An Atlantic salmon is seen during a Department of Fisheries and Oceans fish health audit at the Okisollo fish farm near Campbell River, B.C. on Oct. 31, 2018. Conservative MPs are demanding to know what the federal government plans to do to help the thousands of British Columbians impacted by the immanent, forced closure of Discovery Islands salmon farms. (THE CANADIAN PRESS /Jonathan Hayward photo)

Conservative MPs demand plan for B.C. salmon farm transition

Fisheries minister committed to stakeholder meetings in early 2021

Conservative MPs are demanding to know what the federal government will do to help the hundreds of British Columbians impacted by the imminent closure of Discovery Islands salmon farms.

In a letter highly critical of the decision by Fisheries Minister Bernadette Jordan to decommission the site by June of 2022, Conservative Shadow Minister for Fisheries, Oceans and the Canadian Coast Guard Richard Bragdon, and Conservative MP for North Okanagan – Shuswap Mel Arnold called for the immediate initiation of a plan to help the industry absorb the financial loss of the farms, and help the workers who depend on them.

“Coastal communities in British Columbia were blindsided by the announcement of your decision regarding licenses in the Discovery Islands,” the letter reads. “It is particularly shocking that you would make this announcement without proper consultation with local mayors, workers and their employers. This is negligent on your part.”

Fisheries and Oceans Canada spent three months consulting with seven area First Nations on the matter, but several Vancouver Island mayors have stated they were not consulted at all, and estimate the decision will eliminate about 1,500 jobs, putting the entire $1.6-billion provincial industry at risk.

“Your decision has had, and will continue to have, significant negative impacts on British Columbia’s salmon farm operators, their workers and the families and communities that depend on them,” the letter reads. “The pandemic has already made this past year difficult, reminding us all of the importance of local food security and good local jobs.”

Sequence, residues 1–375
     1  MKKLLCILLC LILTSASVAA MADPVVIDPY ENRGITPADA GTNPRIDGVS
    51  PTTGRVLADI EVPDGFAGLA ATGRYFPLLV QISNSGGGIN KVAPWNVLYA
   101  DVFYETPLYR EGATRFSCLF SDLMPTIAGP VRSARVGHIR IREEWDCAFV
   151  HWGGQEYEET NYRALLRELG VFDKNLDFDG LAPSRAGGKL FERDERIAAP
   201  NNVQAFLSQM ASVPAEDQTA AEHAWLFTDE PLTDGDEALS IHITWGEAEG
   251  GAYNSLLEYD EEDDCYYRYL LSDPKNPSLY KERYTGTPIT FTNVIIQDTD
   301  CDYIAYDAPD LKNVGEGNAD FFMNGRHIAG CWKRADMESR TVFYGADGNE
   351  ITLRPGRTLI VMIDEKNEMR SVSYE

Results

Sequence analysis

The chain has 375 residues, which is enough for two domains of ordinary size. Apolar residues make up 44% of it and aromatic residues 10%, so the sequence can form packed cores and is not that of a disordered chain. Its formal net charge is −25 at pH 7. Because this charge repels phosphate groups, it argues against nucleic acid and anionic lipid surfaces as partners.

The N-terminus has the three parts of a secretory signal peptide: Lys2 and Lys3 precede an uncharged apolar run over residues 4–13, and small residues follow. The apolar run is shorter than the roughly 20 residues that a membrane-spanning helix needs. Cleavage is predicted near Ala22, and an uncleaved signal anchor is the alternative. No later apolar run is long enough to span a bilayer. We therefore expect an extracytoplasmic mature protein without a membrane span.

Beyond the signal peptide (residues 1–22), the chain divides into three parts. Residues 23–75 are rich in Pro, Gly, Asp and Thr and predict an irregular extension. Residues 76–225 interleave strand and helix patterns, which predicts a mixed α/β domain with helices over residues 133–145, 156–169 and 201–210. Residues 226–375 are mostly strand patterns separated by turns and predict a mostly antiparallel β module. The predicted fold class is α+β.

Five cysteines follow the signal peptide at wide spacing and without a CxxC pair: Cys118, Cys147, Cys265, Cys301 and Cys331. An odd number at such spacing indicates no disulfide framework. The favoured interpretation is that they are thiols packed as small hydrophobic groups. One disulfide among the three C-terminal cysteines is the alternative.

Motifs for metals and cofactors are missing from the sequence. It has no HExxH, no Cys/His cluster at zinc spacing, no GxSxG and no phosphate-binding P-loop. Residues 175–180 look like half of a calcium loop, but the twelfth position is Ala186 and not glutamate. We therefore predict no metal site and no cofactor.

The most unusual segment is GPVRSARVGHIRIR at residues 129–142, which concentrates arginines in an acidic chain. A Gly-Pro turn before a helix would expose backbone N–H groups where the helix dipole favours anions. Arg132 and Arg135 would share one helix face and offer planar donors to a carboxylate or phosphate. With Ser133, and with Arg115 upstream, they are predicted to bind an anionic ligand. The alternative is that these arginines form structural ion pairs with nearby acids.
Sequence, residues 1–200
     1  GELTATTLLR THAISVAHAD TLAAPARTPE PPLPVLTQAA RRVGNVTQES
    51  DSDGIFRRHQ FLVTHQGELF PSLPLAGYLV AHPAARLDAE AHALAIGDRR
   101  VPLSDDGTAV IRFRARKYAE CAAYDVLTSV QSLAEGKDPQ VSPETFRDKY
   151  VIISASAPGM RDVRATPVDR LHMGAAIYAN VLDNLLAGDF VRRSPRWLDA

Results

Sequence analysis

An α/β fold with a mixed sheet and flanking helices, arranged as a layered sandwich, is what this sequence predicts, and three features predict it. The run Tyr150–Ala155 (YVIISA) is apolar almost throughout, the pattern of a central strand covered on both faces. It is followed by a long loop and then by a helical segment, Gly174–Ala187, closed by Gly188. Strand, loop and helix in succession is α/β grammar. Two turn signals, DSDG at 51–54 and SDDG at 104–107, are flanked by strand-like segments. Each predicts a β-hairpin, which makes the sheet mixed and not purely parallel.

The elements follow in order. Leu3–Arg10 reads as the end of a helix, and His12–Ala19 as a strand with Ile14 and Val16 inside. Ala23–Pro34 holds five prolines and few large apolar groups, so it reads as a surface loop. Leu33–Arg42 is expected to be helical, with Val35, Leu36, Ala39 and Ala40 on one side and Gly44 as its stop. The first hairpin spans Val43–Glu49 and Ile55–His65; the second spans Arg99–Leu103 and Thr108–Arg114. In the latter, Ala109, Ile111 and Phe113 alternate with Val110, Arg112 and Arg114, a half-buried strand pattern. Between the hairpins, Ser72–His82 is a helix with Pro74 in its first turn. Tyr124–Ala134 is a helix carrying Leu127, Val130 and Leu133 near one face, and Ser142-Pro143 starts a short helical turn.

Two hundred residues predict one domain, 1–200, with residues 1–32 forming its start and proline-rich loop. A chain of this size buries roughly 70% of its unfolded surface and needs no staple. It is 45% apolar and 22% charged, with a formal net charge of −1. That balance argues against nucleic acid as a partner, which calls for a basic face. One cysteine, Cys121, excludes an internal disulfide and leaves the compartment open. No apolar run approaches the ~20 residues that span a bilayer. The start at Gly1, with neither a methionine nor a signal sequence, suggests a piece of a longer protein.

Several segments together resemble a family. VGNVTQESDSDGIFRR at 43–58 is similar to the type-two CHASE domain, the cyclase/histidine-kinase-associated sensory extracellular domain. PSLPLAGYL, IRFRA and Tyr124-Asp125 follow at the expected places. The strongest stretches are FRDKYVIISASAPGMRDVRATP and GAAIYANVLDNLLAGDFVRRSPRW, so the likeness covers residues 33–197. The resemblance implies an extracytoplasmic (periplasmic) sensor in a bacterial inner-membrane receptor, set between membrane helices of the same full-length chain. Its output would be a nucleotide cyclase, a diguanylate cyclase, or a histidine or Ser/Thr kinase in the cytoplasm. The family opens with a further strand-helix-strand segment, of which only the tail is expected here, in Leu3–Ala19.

READ MORE: Discovery Islands salmon farms on their way out

On Dec. 17 Jordan announced DFO would no longer issue farming licences in the island group after June, 2022, giving the sector 18 months to wind down operations. The decision follows years of protest from wild salmon advocates who claim the farms act as reservoirs of pathogens and sea lice in the narrow waterways of this critical out-migration route for juvenile salmon.

In addition to the Discovery Islands decision, Jordan has been given the mandate to transition all B.C. salmon farming away from open-net pens by 2025.

Responding to the MPs’ letter, the minister’s office repeated the decision to close the farms was difficult, and the ministry will follow up with meetings in early 2021 to establish a transition plan.

“We will continue to work with the provincial government, industry, First Nations, and other key partners to create jobs and build a stronger, more sustainable aquaculture sector across the province, which includes finalizing a plan to transition away from open-net pens by 2025,” the statement reads.

“Aquaculture plays an important role in British Columbia’s economy, our collective food security, and coastal communities. The farms in the Discovery Islands are a specific case. These licenses were renewed on a yearly basis, always with the understanding that a decision regarding their permanent status would be made by December, 2020.”

In November an industry report indicated the sector was poised to begin investments worth $1.4 billion over the next 30 years estimated to generate $44 billion in economic output and create 10,000 new jobs by 2050.

Arnold and Bragdon repeated industry sentiment this growth may now be in jeopardy, and warned the Discovery Islands decision implies salmon farming, which employs about 6,500 people in B.C., has been given a notice of termination that will ripple through other industries.

“Your decision to close these operations will undoubtedly send a chill throughout the aquaculture industry and cause major employers to reconsider investing in Canada.”

READ MORE: Vancouver Island mayors say they weren’t consulted on B.C. fish farm phase out plan



quinn.bender@blackpress.ca

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